The unevenness seems to correct itself at about ten minutes, and the burn is less apparent, but the flavor isn’t picking up. It’s still fairly one-dimensional. It seems relatively medium-bodied, but this isn’t a flavor that I’m very excited about. The tobacco definitely isn’t cheap, but there really isn’t much complexity to it either. On the plus side, the ash is solid and isn’t looking like it wants to fall off in my lap. I’ve got a good inch of ash – this cigar is definitely not toothy, though, and I’m sure I’ll have to ash in a moment. It’s still a bit uneven.

After twenty minutes, I’m close to about half through the stick. I’m definitely starting to feel the cigar intensify. I wouldn’t say I’m aggressively smoking this, either. This is certainly not going to knock an experienced smoker over, but for someone accustomed to smoking a lighter cigar, or someone who smokes very rarely, this would be a bit of a risk. The cigar is still a little uneven, but nothing that requires my attention. The flavor is definitely pleasant, a little rich, but again, not complex. The ash is again hanging on for quite a long time; I’m only going ash a second time and the stick is half gone. Time to remove the ring.

In my experience, it’s a good idea to wait to remove the ring until the smoke is half-over (or later), because the gum that is used to affix the ring can sometimes adhere to the cigar, and removing it can damage the wrapper, which in turn can cause the draw to be disrupted, requiring repair or an otherwise distracting maintenance. Waiting until the cigar heats up can soften the adhesive, and removing the ring later will reduce the likelihood of damage. Even in the unlikely event of a wrapper’s compromise, the first half of the experience has been spared the disruption. In this case, the ring is easy to remove, and it comes off without incident.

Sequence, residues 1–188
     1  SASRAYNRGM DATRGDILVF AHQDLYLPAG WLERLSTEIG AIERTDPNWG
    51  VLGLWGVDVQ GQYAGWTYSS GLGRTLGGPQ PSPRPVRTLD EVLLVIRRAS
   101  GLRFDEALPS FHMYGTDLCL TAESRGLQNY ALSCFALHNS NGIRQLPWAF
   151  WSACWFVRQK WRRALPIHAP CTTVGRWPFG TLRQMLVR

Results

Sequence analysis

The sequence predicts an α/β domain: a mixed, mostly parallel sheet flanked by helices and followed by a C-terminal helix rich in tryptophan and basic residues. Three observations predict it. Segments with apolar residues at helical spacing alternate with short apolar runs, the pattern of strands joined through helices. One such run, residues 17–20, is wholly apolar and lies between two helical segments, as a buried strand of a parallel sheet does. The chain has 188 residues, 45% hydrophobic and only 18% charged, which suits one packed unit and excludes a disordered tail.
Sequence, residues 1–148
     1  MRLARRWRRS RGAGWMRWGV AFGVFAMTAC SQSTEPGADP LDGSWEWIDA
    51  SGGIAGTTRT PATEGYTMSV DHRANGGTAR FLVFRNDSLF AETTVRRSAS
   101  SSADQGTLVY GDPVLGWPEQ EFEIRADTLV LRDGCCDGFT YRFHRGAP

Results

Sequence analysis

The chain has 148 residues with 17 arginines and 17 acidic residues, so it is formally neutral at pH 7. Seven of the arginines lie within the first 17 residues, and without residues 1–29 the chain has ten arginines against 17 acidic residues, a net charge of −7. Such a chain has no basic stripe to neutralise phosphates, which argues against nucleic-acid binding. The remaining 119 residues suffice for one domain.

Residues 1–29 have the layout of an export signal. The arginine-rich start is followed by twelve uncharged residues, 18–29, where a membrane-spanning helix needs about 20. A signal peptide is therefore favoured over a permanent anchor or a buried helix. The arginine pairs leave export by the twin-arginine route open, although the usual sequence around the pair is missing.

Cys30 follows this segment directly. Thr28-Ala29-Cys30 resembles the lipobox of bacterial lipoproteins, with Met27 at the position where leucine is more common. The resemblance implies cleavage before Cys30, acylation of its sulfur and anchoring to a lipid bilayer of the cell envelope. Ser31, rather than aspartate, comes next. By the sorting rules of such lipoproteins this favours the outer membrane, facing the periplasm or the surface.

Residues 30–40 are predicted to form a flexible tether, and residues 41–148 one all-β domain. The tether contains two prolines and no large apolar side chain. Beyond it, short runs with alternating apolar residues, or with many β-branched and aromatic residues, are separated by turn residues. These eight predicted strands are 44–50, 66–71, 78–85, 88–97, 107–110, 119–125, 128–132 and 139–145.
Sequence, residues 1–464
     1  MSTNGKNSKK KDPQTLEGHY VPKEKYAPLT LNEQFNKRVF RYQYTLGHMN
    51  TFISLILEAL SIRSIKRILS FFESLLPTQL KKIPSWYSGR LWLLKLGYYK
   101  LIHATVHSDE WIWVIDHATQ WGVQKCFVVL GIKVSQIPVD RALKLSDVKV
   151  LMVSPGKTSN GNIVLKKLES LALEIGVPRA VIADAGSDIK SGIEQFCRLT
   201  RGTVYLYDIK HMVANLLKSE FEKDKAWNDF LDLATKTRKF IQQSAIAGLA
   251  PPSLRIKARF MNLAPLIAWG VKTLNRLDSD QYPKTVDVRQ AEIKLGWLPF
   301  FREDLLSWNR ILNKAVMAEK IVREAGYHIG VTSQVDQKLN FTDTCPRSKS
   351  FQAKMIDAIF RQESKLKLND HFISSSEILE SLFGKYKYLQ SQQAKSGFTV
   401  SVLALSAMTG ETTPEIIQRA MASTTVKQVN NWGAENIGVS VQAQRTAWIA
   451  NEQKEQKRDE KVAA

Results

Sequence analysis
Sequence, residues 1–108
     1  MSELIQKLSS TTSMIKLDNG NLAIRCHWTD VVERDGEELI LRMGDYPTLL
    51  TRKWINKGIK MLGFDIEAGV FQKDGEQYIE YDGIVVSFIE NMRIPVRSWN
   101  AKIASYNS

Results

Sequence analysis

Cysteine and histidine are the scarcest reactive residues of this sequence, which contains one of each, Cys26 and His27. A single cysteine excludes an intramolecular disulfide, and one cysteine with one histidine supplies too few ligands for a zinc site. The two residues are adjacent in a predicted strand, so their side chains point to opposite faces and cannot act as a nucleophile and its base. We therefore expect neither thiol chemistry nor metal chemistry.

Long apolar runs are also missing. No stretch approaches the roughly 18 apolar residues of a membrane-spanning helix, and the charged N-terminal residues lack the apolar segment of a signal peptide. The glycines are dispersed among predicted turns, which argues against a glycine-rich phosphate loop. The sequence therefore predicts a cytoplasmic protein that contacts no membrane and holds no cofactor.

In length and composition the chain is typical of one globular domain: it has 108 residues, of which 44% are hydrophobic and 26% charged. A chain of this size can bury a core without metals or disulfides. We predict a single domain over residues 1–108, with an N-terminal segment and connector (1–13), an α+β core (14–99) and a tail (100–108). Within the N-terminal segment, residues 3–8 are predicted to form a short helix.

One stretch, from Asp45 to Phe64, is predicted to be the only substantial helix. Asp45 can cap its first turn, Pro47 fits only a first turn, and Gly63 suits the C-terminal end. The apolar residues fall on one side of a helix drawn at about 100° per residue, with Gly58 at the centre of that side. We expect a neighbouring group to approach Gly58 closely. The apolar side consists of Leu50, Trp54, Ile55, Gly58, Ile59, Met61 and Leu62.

At this point, the flavor is becoming more intense and is entirely pleasant. There are faint notes of pepper, and a medium tobacco experience (I lack the words in the youth of my cigar writing!), but there isn’t a great deal more going on, even as I near the three-quarters mark.

In the final quarter, the smoke is everywhere and it’s quite hot. I have to puff and then remove the stub from my mouth to avoid blinding myself. I really want to take it down, but I have to chuck it with about an inch remaining.

I’ve read that scared money can’t win at Poker. So it seems that scared money doesn’t result in a good smoke. If you’re on a tight budget (as so many are these days), La Traviata Radiante won’t break the bank. While it’s not as good a cigar as the other CAO products, it’s also less expensive. For a twice-a-week smoker like I am, this is a tidy smoke that isn’t disappointing, and doesn’t make me feel like I’ve wasted my occasional indulgence on something subpar. My impression is that the cigar is priced appropriately. I think it’s quite a good cigar for just over four dollars, but I’ll still be on the lookout for something else at this price point, and for my money, I’d be happy to spend another dollar to go up to an Arturo Fuente Flor Fina 8-5-8 or something else in that price range. Nevertheless, if you’re like me, you can buy this La Traviata Radiante with confidence that while it won’t blow you away, you’ll be satisfied with the experience.

Microsoft was not a monopoly.

From betanews:

Just as Microsoft suggested in the trial, the inevitable happened. People got better ideas, ideas that they turned into products that people actually wanted to buy. Maybe it started with the iPhone, or maybe just with applications moving to the web, but control started to move away from Microsoft–  and court oversight had nothing whatsoever to do with it.